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First To Worst: NFL’s Biggest Single Season Declines

The NFL is a fast paced environment. No teams stay on top very long. If the front office is not keeping up with the rest of the league, a great team can fall off very quickly within the course of one

The NFL is a fast paced environment. No teams stay on top very long. If the front office is not keeping up with the rest of the league, a great team can fall off very quickly within the course of one offseason. We love to remember the worst to first teams. Last year’s Kansas City Chiefs were a great feel good story. However, there are a lot of teams that faced the exact opposite experience.

The only thing worse than a losing season, is a losing season when the pre-season expectations were extremely high. It is an embarrassment to the organization. Football fans have an undying love for their teams, but they expect the best. When the season starts to go downhill, the fans react accordingly. Attendance quickly goes down and the sound of cheers can turn to boos instantly.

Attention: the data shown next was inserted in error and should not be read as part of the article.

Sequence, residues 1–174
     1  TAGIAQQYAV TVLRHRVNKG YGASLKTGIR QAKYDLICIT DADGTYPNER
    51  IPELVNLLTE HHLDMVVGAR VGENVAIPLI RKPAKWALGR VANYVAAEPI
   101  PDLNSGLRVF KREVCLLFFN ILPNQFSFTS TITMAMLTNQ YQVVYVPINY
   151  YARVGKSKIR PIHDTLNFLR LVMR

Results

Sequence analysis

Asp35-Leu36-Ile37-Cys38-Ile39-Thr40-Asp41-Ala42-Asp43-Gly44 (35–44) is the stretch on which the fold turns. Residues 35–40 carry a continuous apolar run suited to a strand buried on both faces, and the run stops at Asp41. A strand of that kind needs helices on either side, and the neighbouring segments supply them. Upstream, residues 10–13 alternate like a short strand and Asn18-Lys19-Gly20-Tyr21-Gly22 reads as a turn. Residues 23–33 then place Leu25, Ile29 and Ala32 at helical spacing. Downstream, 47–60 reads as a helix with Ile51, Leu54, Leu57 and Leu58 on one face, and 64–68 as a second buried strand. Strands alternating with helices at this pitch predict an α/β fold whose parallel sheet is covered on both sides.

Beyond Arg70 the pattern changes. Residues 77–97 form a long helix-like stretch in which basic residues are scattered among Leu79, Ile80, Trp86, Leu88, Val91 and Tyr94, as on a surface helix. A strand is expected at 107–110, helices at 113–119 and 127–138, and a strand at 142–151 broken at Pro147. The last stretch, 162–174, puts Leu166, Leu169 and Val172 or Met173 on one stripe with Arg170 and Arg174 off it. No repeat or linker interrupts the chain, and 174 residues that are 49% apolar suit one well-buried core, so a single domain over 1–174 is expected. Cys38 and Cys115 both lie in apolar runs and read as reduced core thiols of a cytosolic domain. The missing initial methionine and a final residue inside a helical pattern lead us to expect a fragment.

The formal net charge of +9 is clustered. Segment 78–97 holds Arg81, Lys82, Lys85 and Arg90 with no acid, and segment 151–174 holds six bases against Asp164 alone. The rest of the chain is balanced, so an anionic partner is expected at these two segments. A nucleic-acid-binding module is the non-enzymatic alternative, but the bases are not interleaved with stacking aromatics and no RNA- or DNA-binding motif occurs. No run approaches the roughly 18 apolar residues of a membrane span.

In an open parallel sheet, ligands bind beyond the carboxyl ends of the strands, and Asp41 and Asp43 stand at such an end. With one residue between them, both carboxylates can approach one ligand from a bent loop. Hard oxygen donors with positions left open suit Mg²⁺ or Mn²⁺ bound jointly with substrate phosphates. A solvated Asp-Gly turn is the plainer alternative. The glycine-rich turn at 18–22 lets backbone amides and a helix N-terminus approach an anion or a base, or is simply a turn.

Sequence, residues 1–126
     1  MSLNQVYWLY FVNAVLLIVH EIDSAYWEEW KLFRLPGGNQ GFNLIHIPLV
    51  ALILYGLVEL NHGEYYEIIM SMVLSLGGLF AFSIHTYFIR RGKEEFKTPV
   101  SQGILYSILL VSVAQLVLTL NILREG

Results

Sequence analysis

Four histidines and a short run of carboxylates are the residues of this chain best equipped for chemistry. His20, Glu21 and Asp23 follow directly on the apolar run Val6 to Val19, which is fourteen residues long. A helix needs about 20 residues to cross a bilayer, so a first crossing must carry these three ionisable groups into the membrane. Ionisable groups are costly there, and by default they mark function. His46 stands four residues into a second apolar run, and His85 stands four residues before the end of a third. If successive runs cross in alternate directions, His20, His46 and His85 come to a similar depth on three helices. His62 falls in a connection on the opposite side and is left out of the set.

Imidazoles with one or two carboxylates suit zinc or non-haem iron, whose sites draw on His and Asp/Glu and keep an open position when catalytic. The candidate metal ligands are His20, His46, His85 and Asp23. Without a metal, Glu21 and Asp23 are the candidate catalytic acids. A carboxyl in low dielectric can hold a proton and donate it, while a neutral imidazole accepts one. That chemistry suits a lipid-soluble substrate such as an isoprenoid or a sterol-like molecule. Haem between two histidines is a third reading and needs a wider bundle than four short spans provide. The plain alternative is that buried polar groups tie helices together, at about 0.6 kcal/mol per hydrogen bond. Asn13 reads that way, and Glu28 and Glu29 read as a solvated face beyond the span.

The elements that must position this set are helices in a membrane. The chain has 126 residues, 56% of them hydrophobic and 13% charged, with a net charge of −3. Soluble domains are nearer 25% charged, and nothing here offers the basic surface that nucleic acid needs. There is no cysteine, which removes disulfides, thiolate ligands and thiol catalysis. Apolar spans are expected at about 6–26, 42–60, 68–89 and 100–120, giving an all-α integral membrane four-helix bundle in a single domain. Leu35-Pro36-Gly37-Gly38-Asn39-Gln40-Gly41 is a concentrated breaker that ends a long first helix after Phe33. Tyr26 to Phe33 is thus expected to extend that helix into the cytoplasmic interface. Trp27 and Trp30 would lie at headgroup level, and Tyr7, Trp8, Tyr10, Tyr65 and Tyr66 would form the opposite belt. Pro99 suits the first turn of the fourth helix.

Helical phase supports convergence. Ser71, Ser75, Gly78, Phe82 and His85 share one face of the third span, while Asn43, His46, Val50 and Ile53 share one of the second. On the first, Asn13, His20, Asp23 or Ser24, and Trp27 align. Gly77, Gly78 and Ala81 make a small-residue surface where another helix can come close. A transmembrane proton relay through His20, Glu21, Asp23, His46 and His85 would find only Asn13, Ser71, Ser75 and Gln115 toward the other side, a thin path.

Recently we did and article on the top ten biggest single season turnarounds. It might have left you wondering about the worst. To answer this question we have decided to list the NFL’s worst single season turnarounds. Many of these teams actually made it to the Super Bowl, only to finish in the bottom half of the NFL the very next year. Hopefully this does not bring back any bad memories…

10 2002 Chicago Bears (13-3 to 4-12)

9 1999 San Francisco 49ers (12-4 to 4-12)

8 2013 Houston Texans (12-4 to 2-14)

7 1994 Houston Oilers (12-4 to 4-12)

6 2013 Atlanta Falcons (13-3 to 4-12)

Kelley L Cox-USA TODAY Sports Images

5 2006 Philadelphia Eagles (10-6 to 6-10)

4 1990 Denver Broncos (11-5 to 5-11)

3 2003 Oakland Raiders (11-5 to 4-12)

2 1999 Atlanta Falcons (14-2 to 5-11)

1 1968 Green Bay Packers (9-4-1 to 6-7-1)

We typically forget about this team when we talk about the Green Bay Packers in the 1960s. In 1967, the Packers went 9-4-1. The team won the NFL’s first two Super Bowls. At the end of the 1967 season, Vince Lombardi announced he was going to retire from his position as head coach. Phil Bengtson would take his place as the head coach of the Packers. In 1968, the Packers went 6-7-1. It was their first losing season since 1958, the year before Lombardi arrived.

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First To Worst: NFL’s Biggest Single Season Declines